The institutions and relationships of marriage have undergone a corresponding evolution since the 1980s, as China has implemented the policy of reform and opening-up, speeded up the process of industrialization and urbanization, and achieved rapid economic development and a rise in people’s quality of life. This has been coupled with the implementation of family planning policy, the amendment of the Marriage Law of the People’s Republic of China, as well as the promulgation and implementation of the Regulations on Control of Marriage Registration. With the relative weakening of the influence of public authority on the family, individuals have more control over their lives, and the conjugal relationship in which married couples are companions has claimed a core position (Yan, 2003/2006). It also has been observed that the number of marriage registrations is shrinking, the divorce rates are rising year by year (Zhang, Y., 2008; Tang, 2005), and the importance of the institution of marriage is declining (Tang, 2005). Many studies extrapolated that singleness, single parents, cohabitation, nonmarriage and childlessness, and other diverse family structures would have appeared in large numbers (Wang, 2006; Wang, 2010; Li, 2009; Chen, 2004). As the society tends to be more tolerant of cohabitation outside marriage and divorce, great anxiety has also been aroused among scholars and the public over the contamination of Western individualistic culture and the decline of traditional family values. The rising divorce rate is often equated with materialism, carnalism, juvenile crimes, and social instability (Hu, 1997; Mu, 2015). It has been conjectured that the progressive increase of marriage costs and risks causes young men to dare not enter the ‘besieged town’ of marriage because of their ‘fear of marriage’ or gamophobia (Wang, C., 2008; Zhu, 2008). Also, the Western theory of the ‘unprecedented decline of the family as a social institution’ (Popenoe, 1993) has been widely recognized in China. Young couples have even attached negative labels such as ‘flash marriage’, ‘flash divorce’, and focusing only on personal happiness with the diminishment of family responsibilities because of relatively higher divorce rate (Wang, X., 2008; Zhang, J., 2008). Is it true that Chinese marriage views and behaviours have become more like those in Europe and the United States over the past 30 years? Has the value of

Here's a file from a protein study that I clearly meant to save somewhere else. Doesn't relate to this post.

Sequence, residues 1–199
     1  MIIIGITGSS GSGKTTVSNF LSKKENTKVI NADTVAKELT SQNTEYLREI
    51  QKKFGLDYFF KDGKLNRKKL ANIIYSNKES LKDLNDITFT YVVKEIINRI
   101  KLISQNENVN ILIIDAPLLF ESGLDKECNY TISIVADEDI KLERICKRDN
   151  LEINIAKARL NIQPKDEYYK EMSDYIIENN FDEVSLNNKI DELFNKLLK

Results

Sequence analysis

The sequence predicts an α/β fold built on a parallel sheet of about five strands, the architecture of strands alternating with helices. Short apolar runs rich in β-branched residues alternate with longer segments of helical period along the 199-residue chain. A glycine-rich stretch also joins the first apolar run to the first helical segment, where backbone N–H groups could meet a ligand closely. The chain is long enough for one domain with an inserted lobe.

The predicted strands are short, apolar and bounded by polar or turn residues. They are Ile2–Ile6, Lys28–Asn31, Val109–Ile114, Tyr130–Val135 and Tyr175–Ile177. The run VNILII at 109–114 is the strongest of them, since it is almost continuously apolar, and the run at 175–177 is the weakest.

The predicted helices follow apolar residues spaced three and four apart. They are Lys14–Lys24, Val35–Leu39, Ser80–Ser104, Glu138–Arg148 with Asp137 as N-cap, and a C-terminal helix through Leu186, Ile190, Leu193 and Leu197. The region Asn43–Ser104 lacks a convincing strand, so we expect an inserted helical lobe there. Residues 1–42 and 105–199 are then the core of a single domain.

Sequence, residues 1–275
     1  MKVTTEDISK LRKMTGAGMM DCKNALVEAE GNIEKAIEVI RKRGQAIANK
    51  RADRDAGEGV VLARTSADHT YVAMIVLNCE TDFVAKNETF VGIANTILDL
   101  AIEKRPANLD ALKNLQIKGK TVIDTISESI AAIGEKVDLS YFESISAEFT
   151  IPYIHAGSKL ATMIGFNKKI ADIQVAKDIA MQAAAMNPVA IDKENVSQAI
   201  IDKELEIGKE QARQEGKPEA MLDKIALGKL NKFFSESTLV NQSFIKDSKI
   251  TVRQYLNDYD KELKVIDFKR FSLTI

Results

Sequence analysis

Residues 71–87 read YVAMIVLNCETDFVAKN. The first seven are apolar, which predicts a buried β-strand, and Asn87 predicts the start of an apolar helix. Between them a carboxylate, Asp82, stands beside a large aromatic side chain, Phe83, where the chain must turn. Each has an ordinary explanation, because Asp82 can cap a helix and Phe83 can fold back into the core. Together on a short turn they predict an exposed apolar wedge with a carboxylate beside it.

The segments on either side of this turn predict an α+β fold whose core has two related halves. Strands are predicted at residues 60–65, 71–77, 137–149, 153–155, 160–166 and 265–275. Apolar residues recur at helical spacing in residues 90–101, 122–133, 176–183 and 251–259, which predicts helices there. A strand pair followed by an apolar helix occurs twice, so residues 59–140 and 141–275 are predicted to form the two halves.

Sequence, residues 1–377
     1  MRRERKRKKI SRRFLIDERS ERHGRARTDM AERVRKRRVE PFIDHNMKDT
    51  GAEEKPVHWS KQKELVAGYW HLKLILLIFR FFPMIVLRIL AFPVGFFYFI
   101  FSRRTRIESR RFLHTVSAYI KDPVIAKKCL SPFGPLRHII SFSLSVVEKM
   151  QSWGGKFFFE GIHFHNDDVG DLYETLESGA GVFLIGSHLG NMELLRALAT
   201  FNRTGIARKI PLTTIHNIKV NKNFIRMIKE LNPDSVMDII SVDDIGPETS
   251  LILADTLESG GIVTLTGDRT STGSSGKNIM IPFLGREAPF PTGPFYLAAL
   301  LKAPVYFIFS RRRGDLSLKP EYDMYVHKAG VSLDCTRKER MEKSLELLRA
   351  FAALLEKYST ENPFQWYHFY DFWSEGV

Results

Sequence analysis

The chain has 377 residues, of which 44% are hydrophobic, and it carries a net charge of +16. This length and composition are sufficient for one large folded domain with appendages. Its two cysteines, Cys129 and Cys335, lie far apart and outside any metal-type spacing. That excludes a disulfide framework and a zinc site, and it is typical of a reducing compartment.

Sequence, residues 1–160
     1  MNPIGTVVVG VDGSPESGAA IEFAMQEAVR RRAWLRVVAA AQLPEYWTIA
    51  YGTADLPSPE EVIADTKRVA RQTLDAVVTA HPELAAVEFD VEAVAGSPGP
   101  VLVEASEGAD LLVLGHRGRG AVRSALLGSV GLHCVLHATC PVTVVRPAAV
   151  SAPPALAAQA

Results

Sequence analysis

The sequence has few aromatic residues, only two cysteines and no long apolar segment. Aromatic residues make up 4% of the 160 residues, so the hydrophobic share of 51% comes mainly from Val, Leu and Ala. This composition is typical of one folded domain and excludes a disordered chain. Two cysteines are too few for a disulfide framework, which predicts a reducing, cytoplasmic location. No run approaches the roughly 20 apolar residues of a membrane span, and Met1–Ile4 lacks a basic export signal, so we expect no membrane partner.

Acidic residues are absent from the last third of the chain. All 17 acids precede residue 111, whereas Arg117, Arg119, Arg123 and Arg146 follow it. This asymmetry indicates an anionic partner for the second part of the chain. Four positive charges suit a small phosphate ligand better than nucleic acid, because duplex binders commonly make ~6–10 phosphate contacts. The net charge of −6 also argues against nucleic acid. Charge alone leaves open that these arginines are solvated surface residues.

marriage diminished, along with traditional restraints of laws and customs, and the emergence of changes to post-modern characteristics such as deinstitutionalization, instability, and restructuring? Have the youth’s views on divorce become very open and their inclinations towards divorce very reckless? Has the traditional marriage in which married couples are committed to each other until death become a myth of the twenty-first century?